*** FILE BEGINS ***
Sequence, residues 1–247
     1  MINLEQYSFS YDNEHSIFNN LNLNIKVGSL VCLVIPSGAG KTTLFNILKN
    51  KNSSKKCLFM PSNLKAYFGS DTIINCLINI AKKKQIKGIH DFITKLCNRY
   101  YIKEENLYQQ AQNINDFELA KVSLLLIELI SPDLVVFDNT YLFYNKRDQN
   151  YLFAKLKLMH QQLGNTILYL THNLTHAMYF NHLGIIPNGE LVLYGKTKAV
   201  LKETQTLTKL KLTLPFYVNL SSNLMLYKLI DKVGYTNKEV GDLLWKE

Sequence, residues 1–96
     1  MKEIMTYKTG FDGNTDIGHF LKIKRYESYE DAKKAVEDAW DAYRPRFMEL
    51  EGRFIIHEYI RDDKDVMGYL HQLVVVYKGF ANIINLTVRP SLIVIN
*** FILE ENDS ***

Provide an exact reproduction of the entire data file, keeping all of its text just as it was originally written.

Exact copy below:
Sequence, residues 1–247
     1  MINLEQYSFS YDNEHSIFNN LNLNIKVGSL VCLVIPSGAG KTTLFNILKN
    51  KNSSKKCLFM PSNLKAYFGS DTIINCLINI AKKKQIKGIH DFITKLCNRY
   101  YIKEENLYQQ AQNINDFELA KVSLLLIELI SPDLVVFDNT YLFYNKRDQN
   151  YLFAKLKLMH QQLGNTILYL THNLTHAMYF NHLGIIPNGE LVLYGKTKAV
   201  LKETQTLTKL KLTLPFYVNL SSNLMLYKLI DKVGYTNKEV GDLLWKE

Sequence, residues 1–96
     1  MKEIMTYKTG FDGNTDIGHF LKIKRYESYE DAKKAVEDAW DAYRPRFMEL
    51  EGRFIIHEYI RDDKDVMGYL HQLVVVYKGF ANIINLTVRP SLIVIN